The COVID virus has devastated American jails and prisons. By the end of 2020, one in every five inmates in the country had tested positive for the deadly virus—a rate four times higher than the general population. That translated into more 372,500 infections and nearly 2,400 deaths as of February 2, 2021, according to the Marshall Project


As of January 28, 2021, according to the Texas Department Criminal Justice, nearly 33,000 inmates and roughly 10,500 staff members had tested positive for the virus. Of those, 187 inmates and 37 staff members died from their infections. Add to the health crisis caused by the pandemic, the recent arctic storm and the resulting loss of power has left incarcerated people freezing, without water, in harsh, inhumane conditions. People have been left without heat, additional blankets and forced to survive in close quarters surrounded by urine and feces because plumbing is not functioning.  Drinking water has been in dangerously low supply.


Texas Inmates Imprisoned Face High COVID Infection Rates


The Marshall Project reports that Texas trails only California and the entire federal prison system for the highest imprisoned infections rate.


Texas’ elected officials have failed to keep the public informed about COVID infections/deaths in the county jails. It took the University of Texas in Austin (“UT Report“) to analyze the impact the virus has had on the state’s imprisoned populations. This report found that 80 percent of the jail deaths were people who had not been convicted of any crime.


The Associated Press reported on January 16, 2021 that a local federal judge Lee Rosenthal “asked officials to review how more than 1,900 inmates in Texas’ largest county jail {Harris County} could be released to relieve overcrowding at a facility where officials worry about a potential COVID-19 outbreak.”


Court of Appeals Blocks Release of Inmates During Pandemic


The Fifth Circuit Court of Appeals on February 2, 2021 took the “Great Writ,” as the writ of habeas corpus has been referred to through the ages of American law, off the table as a release vehicle in COVID cases.


The court’s decision, Rice v. Gonzales, concluded that “the Great Writ does not, in this circuit, afforded release for prisoners held in state custody due to adverse conditions of confinement.”


Skyler Thomas Rice is an accused offender housed in the Harris County Jail. Due to serious medical conditions (including asthma and hypertension) that place him at high risk of contracting the virus, he filed a petition seeking release from the jail either through a federal writ of habeas corpus (28 U.S.C. § 2241) or the federal civil rights statute (42 U.S.C. § 1983).


Treating the petition as one seeking federal habeas release, the federal district court concluded Rice was not could not avail himself to the writ. The Fifth Circuit explained why the district court was correct:


“In Pierre v. United States, this court held that, ‘[s]imply stated, habeas is not available to review questions unrelated to the cause of detention. Its sole function is to grant relief from unlawful imprisonment or custody and it cannot be used properly for any other purpose’… Similarly, that Rice might more likely be exposed to COVID-19 during confinement, and that he may have certain common underlying health conditions, taken together do not impugn the underlying legal basis for the fact or duration of his confinement. Rice seeks an extension of federal habeas corpus law that this court is not authorized to grant.”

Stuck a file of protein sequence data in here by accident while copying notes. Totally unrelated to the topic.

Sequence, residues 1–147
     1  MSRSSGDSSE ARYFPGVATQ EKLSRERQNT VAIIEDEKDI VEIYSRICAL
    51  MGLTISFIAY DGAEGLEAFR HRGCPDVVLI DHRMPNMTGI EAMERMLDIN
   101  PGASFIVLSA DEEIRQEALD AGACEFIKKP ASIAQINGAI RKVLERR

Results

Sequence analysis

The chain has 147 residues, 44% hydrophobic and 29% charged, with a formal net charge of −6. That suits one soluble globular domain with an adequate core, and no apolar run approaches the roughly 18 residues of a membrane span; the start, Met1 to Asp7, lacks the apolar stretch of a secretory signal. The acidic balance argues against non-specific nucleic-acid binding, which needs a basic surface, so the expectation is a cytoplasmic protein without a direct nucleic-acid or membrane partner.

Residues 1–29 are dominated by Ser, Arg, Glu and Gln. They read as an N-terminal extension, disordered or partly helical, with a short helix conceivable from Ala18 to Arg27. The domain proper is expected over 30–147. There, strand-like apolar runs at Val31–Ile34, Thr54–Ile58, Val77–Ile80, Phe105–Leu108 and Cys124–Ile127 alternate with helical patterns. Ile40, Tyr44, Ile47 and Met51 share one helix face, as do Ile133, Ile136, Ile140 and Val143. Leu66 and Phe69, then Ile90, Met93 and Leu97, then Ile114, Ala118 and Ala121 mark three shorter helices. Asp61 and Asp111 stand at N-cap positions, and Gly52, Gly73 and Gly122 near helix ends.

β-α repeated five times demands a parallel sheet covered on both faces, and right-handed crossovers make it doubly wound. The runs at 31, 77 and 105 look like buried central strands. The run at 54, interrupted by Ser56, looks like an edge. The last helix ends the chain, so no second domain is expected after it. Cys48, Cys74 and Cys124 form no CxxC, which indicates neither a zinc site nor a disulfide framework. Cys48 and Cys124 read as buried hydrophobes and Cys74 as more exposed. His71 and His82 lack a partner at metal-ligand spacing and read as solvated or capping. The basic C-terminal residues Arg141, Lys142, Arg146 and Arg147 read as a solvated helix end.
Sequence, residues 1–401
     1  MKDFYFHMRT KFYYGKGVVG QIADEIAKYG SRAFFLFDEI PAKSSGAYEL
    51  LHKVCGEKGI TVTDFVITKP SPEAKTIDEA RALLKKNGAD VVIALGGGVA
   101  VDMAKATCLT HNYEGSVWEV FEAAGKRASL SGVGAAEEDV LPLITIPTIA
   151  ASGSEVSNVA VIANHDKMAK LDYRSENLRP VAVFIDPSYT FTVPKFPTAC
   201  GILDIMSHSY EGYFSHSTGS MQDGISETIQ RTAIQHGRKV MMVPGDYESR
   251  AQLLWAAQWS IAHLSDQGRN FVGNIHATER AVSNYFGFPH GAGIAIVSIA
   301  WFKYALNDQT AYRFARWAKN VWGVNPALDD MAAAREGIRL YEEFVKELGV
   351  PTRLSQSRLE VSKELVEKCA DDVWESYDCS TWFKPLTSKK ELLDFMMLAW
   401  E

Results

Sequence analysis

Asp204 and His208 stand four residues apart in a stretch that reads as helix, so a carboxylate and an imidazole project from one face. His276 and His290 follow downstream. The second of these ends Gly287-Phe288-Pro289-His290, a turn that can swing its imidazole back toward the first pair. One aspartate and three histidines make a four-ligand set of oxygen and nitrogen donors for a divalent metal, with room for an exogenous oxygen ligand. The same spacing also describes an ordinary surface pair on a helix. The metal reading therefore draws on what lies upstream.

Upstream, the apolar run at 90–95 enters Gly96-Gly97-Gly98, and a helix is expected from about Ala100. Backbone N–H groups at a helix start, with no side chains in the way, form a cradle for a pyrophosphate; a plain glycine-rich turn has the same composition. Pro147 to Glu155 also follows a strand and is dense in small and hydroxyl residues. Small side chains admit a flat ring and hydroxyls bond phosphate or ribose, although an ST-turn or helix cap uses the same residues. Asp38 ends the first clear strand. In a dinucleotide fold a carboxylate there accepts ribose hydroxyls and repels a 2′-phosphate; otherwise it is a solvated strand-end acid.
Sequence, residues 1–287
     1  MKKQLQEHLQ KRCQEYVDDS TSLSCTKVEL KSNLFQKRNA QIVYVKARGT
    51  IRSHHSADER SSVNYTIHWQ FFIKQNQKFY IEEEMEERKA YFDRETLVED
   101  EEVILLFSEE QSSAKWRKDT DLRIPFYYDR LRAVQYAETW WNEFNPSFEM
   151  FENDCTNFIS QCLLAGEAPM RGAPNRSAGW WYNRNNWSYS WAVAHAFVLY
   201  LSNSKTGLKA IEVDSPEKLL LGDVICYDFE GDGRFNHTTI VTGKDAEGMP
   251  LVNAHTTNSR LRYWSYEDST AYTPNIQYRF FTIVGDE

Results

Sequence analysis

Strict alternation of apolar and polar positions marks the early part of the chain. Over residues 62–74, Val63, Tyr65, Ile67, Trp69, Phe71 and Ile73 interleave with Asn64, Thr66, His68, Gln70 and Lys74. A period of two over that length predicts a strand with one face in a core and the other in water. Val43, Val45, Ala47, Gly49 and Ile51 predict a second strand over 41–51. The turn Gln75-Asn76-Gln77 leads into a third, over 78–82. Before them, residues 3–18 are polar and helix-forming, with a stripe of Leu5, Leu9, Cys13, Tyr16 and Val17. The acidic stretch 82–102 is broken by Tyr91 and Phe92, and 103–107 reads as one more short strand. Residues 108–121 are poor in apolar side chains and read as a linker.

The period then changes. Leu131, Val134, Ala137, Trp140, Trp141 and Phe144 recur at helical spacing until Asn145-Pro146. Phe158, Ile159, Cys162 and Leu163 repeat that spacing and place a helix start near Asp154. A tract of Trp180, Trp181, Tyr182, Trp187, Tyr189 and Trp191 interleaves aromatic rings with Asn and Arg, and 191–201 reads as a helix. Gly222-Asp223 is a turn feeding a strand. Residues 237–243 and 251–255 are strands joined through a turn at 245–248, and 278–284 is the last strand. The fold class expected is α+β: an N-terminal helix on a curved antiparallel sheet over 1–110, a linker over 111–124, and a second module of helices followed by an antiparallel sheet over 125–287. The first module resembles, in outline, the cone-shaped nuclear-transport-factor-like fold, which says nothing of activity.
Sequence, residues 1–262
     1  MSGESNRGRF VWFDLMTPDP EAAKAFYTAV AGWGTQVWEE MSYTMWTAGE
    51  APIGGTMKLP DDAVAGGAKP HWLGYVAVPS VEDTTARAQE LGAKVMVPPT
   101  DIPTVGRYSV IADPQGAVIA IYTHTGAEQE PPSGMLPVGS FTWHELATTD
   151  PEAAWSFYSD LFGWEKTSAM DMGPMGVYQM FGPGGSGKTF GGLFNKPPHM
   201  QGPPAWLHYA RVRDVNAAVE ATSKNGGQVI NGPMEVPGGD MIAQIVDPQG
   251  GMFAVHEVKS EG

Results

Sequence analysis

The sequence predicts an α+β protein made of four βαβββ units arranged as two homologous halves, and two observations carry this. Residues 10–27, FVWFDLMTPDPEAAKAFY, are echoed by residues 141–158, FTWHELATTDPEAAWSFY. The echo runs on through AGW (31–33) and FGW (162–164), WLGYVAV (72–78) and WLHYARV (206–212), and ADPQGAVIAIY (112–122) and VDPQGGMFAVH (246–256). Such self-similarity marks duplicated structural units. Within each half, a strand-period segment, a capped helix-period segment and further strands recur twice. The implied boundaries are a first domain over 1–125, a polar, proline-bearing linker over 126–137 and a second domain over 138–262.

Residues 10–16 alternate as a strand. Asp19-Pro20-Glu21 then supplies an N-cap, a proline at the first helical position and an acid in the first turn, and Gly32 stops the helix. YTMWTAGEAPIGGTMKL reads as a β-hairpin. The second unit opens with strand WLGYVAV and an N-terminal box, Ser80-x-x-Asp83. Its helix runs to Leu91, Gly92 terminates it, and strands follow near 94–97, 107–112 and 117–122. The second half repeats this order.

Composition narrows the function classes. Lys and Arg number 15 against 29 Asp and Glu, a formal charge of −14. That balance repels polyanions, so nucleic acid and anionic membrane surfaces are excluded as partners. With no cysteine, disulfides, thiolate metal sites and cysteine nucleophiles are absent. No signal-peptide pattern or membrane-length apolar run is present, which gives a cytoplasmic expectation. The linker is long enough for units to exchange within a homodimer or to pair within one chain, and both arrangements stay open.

COVID Throttles Harris County Jail 


Harris County Sheriff Ed Gonzales has informed Judge Rosenthal that his jail now houses more than 9,000 inmates making it virtually impossible to quarantine inmates who test positive for the virus.


In response, Judge Rosenthal, who is presiding over a lawsuit challenging bail practices in the county, expressed concern during a virtual hearing last month that conditions at the jail could create risks to “the health of inmates who are awaiting trial, along with jail employees and their families.”


The vast majority of those inmates awaiting trial, or some other disposition of their cases in the court system, pose no real threat to the community should they be released. But Gov. Abbott and his cohort, Attorney General Ken Paxton, do not see it that way. They view all imprisoned people through the same lens as someone accused of capital murder and have a vested “tough on crime” political interest in keeping the wealth-based bail system in place.


The recent Fifth Circuit decision now puts Harris County between the proverbial rock and a hard place in terms of fashioning any release plan. Local officials must devise a plan that will satisfy the judge while preventing the governor and attorney general from intervening. All this while addressing an increasingly sick population and the cost associated with a pandemic in a jail.


The federal appeals court has effectively shut down federal legal remedies for incarcerated people seeking emergency release due to COVID and related high-risk co-morbidities and complications. Failure to release non-violent individuals from needless incarceration means there will most likely be another significant COVID crisis in the Harris County Jail. This situation doesn’t bode well for the coming months, especially once the virus’ new variants worm their way into the facility.